Saturday, April 25, 2009

8 cores and above - Is the race worth it?

AMD has announced plans to beat Intel to 12 cores, releasing both 8 and 12 core processors, codenamed Magny-Cours, in Q1 2010.  It has also announced that it will in 2011 roll out its 32 nm Bulldozer core, which will feature up to 16 cores, running on the new Sandtiger architecture.  In short -- AMD plans to beat Intel in the core race.

You may note that Engineers at Sandia National Laboratories did simulation of 8, 16 and 32 cores, and have opined that performance of multi-core machines would level off or even decline beyond 8 cores,due to limited memory bandwidth.


Read more here.

At the heart of the trouble is the so-called memory wall—the growing disparity between how fast a CPU can operate on data and how fast it can get the data it needs. Although the number of cores per processor is increasing, the number of connections from the chip to the rest of the computer is not. So keeping all the cores fed with data is a problem. In informatics applications, the problem is worse, explains Richard C. Murphy, a senior member of the technical staff at Sandia, because there is no physical relationship between what a processor may be working on and where the next set of data it needs may reside. Instead of being in the cache of the core next door, the data may be on a DRAM chip in a rack 20 meters away and need to leave the chip, pass through one or more routers and optical fibers, and find its way onto the processor.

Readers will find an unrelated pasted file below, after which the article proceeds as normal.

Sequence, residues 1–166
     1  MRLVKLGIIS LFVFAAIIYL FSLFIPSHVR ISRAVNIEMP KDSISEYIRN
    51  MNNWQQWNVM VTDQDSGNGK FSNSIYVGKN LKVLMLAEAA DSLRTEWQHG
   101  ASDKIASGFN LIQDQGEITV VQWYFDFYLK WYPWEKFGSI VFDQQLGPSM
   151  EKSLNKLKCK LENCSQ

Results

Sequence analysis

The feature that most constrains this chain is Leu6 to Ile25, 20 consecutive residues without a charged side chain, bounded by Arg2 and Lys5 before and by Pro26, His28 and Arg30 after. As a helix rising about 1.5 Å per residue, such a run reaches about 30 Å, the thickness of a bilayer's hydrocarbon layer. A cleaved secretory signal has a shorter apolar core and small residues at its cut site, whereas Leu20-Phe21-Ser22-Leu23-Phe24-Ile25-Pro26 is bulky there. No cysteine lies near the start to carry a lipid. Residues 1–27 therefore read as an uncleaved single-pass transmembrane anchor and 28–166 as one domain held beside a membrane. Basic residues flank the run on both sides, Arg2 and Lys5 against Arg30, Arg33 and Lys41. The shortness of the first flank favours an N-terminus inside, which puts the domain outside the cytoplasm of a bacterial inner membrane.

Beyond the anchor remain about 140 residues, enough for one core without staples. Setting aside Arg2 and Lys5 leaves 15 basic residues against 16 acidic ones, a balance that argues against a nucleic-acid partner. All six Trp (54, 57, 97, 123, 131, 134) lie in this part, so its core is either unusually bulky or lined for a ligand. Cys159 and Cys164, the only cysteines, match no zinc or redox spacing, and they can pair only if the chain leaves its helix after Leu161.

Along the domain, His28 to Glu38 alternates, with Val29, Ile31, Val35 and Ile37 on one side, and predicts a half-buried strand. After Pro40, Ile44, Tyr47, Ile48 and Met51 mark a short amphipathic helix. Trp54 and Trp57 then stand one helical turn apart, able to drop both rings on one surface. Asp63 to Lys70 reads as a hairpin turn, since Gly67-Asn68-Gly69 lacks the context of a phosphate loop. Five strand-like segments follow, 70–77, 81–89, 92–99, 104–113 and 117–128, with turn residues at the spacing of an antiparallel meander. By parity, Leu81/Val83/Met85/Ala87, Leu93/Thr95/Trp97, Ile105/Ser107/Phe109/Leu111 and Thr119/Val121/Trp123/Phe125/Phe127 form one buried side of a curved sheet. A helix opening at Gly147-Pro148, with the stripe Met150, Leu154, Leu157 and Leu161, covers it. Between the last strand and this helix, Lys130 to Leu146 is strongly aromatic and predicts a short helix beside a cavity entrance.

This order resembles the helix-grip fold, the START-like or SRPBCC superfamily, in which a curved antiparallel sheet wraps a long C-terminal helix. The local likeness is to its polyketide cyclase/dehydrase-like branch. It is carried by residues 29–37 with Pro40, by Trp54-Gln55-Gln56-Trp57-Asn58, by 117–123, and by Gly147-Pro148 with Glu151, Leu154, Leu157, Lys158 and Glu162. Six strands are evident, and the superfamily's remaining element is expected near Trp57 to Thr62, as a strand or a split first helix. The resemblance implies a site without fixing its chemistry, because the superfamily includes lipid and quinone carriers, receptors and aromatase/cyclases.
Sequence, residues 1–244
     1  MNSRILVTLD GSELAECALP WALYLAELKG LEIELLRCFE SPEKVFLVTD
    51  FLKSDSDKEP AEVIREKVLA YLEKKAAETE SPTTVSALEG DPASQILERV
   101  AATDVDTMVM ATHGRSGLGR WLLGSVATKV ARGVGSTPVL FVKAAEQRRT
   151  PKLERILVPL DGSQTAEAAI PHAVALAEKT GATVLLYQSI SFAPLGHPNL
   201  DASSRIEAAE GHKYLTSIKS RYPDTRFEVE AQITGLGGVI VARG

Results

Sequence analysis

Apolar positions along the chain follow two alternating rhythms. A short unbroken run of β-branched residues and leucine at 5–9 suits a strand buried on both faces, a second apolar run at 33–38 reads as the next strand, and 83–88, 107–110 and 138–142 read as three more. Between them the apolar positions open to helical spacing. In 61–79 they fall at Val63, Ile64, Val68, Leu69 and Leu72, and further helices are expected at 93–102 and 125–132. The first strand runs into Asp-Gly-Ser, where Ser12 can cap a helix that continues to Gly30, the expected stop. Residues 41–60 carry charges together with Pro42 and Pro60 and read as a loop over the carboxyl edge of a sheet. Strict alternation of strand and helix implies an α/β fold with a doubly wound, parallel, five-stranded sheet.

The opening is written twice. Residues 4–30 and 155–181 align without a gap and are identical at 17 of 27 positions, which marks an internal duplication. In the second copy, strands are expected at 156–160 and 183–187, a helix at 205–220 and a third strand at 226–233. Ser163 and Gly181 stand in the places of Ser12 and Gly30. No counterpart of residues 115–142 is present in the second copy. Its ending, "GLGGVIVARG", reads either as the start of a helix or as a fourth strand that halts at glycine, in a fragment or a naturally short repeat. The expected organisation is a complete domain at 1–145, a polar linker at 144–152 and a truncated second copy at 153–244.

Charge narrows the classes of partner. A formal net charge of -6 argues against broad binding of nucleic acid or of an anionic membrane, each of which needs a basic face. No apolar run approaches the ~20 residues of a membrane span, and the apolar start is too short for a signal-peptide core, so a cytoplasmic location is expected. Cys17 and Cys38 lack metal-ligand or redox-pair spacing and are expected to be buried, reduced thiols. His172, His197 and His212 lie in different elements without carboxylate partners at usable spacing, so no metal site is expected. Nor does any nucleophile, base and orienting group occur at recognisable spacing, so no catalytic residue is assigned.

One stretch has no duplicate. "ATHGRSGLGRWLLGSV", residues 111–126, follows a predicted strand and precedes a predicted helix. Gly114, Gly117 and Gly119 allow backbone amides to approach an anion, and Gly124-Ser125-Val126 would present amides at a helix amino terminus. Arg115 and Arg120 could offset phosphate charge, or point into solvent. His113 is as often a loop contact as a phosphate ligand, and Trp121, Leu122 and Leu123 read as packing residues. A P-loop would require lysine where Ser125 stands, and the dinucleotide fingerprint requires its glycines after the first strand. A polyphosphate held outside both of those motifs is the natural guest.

I would really love to run the MT tests that would show the performance at 6 and 8 core. Searching ...

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